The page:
Ryan Companies’ commitment to community engagement extended even through the project’s furniture, fixtures and equipment phase. “To further the commissioner’s desire for the building to serve as a reflection of the local community, we developed a program to ensure the work of local artists would be displayed permanently throughout the facility,” says Evans. “Personal touches like this make this building a community landmark.”
Exceptional Minority Participation
Additionally, in line with the county’s intention to lead the way in opportunity creation for local minority-owned firms, the project team achieved 52% participation from Minority/Women Business Enterprise (M/WBE) firms. For context, Rowsey explains that more typical for government projects is 25% or less participation from M/WBE firms and, for privately funded projects, less than 5% M/WBE participation is common. They also engaged workers from the Regional Black Contractors Association’s (RBCA’s) Second Chance Education & Training Program.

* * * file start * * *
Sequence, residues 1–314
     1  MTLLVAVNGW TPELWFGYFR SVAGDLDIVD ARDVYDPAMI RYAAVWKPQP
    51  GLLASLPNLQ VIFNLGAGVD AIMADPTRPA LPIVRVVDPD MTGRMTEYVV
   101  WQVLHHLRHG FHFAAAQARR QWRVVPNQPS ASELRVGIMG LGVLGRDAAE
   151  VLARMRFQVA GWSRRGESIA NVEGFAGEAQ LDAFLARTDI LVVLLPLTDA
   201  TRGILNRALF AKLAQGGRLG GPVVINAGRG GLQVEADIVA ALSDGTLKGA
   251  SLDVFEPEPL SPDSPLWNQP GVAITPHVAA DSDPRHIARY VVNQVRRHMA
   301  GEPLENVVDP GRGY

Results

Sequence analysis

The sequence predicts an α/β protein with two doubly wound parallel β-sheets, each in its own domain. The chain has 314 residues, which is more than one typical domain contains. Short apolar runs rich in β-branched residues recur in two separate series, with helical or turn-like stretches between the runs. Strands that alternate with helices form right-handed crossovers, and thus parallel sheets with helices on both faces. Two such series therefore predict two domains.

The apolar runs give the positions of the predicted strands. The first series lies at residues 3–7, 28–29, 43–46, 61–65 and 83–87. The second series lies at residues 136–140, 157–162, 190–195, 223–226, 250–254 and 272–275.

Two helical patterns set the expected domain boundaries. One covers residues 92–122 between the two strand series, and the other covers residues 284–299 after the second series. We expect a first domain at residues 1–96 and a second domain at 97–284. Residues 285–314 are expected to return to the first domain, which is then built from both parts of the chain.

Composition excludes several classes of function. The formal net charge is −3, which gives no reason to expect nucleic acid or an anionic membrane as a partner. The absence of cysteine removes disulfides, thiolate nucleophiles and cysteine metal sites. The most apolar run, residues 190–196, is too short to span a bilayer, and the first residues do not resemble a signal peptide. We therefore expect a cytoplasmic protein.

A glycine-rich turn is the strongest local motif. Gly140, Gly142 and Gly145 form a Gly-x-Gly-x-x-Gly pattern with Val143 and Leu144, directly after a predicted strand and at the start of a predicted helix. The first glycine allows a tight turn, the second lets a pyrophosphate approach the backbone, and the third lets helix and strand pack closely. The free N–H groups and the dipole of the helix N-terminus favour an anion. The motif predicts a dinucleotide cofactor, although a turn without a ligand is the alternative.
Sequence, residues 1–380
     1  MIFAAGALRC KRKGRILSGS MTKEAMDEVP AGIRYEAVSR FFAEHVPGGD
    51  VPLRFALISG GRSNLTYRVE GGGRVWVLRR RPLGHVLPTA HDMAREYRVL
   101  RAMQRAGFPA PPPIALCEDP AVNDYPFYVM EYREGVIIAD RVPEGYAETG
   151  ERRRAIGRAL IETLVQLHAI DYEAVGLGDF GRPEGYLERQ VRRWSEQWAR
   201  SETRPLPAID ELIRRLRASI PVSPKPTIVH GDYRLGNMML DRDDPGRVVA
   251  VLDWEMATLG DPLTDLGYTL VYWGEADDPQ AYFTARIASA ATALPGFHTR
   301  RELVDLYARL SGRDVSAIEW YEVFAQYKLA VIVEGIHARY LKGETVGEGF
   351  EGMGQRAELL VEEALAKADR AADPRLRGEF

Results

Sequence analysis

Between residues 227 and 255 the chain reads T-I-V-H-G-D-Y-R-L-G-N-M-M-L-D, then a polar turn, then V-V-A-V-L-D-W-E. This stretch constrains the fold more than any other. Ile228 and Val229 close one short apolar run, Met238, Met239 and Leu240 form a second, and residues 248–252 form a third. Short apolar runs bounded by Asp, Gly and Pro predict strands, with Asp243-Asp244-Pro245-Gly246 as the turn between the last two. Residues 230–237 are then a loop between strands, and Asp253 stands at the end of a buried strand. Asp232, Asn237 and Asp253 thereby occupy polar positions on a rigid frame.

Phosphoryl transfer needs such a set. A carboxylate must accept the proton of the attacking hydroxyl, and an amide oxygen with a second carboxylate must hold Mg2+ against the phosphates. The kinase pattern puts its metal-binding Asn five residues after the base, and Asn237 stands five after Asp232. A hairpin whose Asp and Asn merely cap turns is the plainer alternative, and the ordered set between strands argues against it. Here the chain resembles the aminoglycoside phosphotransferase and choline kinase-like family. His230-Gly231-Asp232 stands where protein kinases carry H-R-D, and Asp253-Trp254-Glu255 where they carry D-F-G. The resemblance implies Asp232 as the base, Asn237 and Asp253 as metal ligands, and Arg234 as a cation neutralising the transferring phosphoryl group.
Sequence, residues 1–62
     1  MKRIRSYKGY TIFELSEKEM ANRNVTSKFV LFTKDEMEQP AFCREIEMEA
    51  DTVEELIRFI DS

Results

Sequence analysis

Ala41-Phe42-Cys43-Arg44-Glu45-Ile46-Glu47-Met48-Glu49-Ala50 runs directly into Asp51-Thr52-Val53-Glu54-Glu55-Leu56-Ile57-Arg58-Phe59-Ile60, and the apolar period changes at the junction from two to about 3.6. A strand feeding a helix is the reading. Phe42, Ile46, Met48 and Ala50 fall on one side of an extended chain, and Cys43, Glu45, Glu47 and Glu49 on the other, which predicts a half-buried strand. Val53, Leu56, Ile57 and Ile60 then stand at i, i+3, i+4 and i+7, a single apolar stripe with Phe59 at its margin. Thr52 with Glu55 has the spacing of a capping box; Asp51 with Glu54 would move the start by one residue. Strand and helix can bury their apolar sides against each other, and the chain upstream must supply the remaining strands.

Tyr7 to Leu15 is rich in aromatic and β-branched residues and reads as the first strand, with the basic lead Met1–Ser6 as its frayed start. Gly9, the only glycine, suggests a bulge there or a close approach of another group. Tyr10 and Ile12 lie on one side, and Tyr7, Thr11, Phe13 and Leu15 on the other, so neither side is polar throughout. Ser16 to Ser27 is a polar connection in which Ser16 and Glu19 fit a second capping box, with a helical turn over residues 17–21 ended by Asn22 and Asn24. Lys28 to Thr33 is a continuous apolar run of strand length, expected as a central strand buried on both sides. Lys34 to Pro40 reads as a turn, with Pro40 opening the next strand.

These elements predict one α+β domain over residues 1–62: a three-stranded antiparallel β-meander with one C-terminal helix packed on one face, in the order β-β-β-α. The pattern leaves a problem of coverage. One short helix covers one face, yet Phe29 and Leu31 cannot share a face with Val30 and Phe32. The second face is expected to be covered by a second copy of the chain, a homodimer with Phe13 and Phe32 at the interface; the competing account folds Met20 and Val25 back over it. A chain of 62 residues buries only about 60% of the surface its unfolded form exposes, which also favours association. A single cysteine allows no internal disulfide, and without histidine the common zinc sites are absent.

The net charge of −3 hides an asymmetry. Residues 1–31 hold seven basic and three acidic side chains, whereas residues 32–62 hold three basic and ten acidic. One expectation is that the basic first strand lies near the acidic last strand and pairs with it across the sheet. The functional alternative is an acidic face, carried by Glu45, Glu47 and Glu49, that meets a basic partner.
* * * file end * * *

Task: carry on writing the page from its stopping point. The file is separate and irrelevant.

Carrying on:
“County officials introduced our team to local associations such as the RHCA and the RBCA,” says Rowsey. “I remember attending an outreach event and being impressed by the turnout. As a result, minority participation in the construction process mirrored the demographics of the surrounding community.”
“Realizing over 50% MWBE participation is great for the community and for Dallas County,” adds Bazan. “Ryan Companies’ commitment to engaging the local community was impressive.”
A Neighborhood Investment
Emphasized on Ryan Companies’ website is the company’s commitment to “build the backdrops to life’s stories.” One sentence reads, “Together, we build something far more profound than the physical presence of a building.”
By all available evidence, this project is proof of Ryan Companies’ stated mission. “There is an undeniable energy in this sector of the city,” says Rowsey, “and together, Dallas County and project leaders created a center for energy and prosperity, the heart of positive regeneration.”
From Garcia’s perspective, “Politics is always a mixed bag of good and bad news, but when I speak with District 4 residents about this facility, people are just excited.” According to Bazan, local business owners have told county leaders they are glad to welcome the Oak Cliff Government Center as their new neighbor.